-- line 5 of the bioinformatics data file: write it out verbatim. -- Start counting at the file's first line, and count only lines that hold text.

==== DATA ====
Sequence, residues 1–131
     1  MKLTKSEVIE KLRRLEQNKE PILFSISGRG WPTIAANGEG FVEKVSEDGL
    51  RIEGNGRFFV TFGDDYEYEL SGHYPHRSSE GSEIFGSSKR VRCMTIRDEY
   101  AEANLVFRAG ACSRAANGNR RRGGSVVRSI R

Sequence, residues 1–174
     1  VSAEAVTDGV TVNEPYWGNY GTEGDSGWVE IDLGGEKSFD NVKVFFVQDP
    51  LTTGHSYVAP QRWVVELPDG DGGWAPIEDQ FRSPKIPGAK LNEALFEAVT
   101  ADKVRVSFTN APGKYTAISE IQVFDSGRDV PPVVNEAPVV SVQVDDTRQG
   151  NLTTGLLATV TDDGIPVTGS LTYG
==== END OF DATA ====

Sequence, residues 1–174